[2.8] Furthermore, fan fiction is allowed to repair moments in the textual world that have failed to satisfy the requirements of its fan writers. As long as one stays within the rules that compose the magic circle, one can, for example, inaugurate a story, as does MissDoctorDonna at the beginning of "The Runaway Bride—Alternate Ending" (2010), with the claim, "I didn't think Donna would have let the Doctor go off all upset, so I've rewritten things the way I thought they should have gone." This notion that the fan fiction writers rewrite details to recuperate them with their conceptions of how they should have gone motivates much of the paratextual world, and it is productive to explore some of the possible sources of these dissatisfactions. The intertwining relationship that emerges between the paratextual and textual worlds is charged by some of the very impulses that inspire the contributions of MissDoctorDonna and others in the fan community.

3. Ludic potentials in Doctor Who fan fiction: Elements of the game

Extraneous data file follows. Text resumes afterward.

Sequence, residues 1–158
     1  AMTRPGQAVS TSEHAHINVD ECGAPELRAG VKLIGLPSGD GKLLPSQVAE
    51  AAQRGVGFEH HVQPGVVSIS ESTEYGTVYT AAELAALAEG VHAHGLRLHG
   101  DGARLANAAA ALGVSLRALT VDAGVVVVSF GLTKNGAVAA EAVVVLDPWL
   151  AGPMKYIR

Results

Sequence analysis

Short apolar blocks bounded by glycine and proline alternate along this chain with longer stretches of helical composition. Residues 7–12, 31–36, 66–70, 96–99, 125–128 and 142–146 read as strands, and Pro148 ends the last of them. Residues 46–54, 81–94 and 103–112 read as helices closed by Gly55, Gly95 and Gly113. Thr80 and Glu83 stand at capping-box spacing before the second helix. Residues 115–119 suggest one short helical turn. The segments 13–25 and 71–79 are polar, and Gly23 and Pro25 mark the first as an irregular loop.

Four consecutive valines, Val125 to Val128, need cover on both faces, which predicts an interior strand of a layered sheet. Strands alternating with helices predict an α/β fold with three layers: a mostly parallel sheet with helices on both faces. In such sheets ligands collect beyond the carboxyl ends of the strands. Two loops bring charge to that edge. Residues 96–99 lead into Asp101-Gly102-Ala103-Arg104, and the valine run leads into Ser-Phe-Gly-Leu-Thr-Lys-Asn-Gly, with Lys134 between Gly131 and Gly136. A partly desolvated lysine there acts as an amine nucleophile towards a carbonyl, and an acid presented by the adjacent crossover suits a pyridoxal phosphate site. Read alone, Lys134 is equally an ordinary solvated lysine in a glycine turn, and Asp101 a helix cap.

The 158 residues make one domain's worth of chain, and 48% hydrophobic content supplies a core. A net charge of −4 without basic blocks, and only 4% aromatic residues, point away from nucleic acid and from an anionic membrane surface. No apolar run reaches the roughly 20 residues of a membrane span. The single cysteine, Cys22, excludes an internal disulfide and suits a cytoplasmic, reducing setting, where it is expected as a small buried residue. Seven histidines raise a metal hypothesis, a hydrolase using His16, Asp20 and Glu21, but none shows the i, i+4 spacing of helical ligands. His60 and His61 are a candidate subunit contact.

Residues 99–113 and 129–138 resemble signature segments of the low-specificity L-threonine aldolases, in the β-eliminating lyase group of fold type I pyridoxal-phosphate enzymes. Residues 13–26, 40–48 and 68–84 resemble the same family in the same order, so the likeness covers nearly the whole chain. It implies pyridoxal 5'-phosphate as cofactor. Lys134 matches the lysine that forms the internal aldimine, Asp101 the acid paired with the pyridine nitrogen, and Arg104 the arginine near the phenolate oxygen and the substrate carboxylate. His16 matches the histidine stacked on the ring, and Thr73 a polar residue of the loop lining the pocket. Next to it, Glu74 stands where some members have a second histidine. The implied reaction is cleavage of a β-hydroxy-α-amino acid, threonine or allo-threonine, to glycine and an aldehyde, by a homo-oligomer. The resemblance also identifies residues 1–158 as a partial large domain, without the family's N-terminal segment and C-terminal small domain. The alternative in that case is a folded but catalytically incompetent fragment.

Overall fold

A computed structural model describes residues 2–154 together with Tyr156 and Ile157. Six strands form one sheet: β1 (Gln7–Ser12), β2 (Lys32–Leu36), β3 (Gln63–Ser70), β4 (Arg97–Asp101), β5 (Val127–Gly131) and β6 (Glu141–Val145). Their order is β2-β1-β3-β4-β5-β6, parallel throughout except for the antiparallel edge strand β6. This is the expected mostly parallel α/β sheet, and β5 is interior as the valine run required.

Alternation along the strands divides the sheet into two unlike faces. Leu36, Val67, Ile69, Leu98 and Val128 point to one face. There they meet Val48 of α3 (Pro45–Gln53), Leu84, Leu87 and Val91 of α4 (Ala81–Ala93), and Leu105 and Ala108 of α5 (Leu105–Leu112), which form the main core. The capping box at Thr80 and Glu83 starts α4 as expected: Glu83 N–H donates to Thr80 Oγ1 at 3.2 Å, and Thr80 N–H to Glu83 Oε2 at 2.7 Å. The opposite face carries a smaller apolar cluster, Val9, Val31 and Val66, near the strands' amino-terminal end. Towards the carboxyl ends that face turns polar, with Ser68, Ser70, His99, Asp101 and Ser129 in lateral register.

[3.1] When both the acts of the construction of Doctor Who fan fiction and the textual result of these constructive activities are transposed onto the critical taxonomy set forth by game and play theorist Roger Caillois, interesting connections take shape, and a productive exploration of this relationship reveals further support toward the intertwining relationship between these textual and paratextual worlds. Specifically, when Roger Caillois's requirements for games—agon, alea, mimicry, and illinx (2001)—are applied across the spectrum of Doctor Who fan fiction, the results are anything but straightforward. Agon, the element of competition between players, is Caillois's first characteristic of games, and it seems present in Doctor Who fan fiction, at least where the alignment of characters and traditional plot structures is concerned. Specifically, the Doctor must be placed in a good-versus-evil competition with an antagonistic agent. There is a large group from which to choose; fan writers who do not wish to invent their own adversaries can borrow from a corpus that includes the Master, Daleks, Cybermen, Sontarans, the Slitheen, and the Sea Devils, just to name a few of the more popular adversaries. There is clearly a win condition for this conflict, presented as a solution to the conflict stirred by the agon, and relevant to fan fiction: the machinations of evil must be overcome, usually by the evil force being outsmarted and destroyed, or at least defeated. Outside of the narrative trajectories of the fan fiction itself, competition may be evidenced in the form of popularity contests that pit the quality of one fan fiction story against others.